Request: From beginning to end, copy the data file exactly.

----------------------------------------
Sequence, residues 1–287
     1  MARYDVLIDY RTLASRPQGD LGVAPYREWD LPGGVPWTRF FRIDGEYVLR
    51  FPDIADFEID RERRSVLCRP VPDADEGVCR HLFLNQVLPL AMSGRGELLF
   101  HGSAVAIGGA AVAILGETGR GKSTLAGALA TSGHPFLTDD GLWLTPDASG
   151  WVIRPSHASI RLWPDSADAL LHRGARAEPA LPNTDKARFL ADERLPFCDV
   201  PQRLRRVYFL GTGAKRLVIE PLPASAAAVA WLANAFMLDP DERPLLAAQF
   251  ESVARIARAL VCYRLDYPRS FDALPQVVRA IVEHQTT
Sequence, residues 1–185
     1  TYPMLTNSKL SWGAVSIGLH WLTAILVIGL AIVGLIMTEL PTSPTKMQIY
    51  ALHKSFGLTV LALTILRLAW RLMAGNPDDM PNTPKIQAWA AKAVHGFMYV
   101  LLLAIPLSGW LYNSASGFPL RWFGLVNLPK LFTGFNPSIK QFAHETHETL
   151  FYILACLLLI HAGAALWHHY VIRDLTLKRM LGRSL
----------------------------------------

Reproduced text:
Sequence, residues 1–287
     1  MARYDVLIDY RTLASRPQGD LGVAPYREWD LPGGVPWTRF FRIDGEYVLR
    51  FPDIADFEID RERRSVLCRP VPDADEGVCR HLFLNQVLPL AMSGRGELLF
   101  HGSAVAIGGA AVAILGETGR GKSTLAGALA TSGHPFLTDD GLWLTPDASG
   151  WVIRPSHASI RLWPDSADAL LHRGARAEPA LPNTDKARFL ADERLPFCDV
   201  PQRLRRVYFL GTGAKRLVIE PLPASAAAVA WLANAFMLDP DERPLLAAQF
   251  ESVARIARAL VCYRLDYPRS FDALPQVVRA IVEHQTT
Sequence, residues 1–185
     1  TYPMLTNSKL SWGAVSIGLH WLTAILVIGL AIVGLIMTEL PTSPTKMQIY
    51  ALHKSFGLTV LALTILRLAW RLMAGNPDDM PNTPKIQAWA AKAVHGFMYV
   101  LLLAIPLSGW LYNSASGFPL RWFGLVNLPK LFTGFNPSIK QFAHETHETL
   151  FYILACLLLI HAGAALWHHY VIRDLTLKRM LGRSL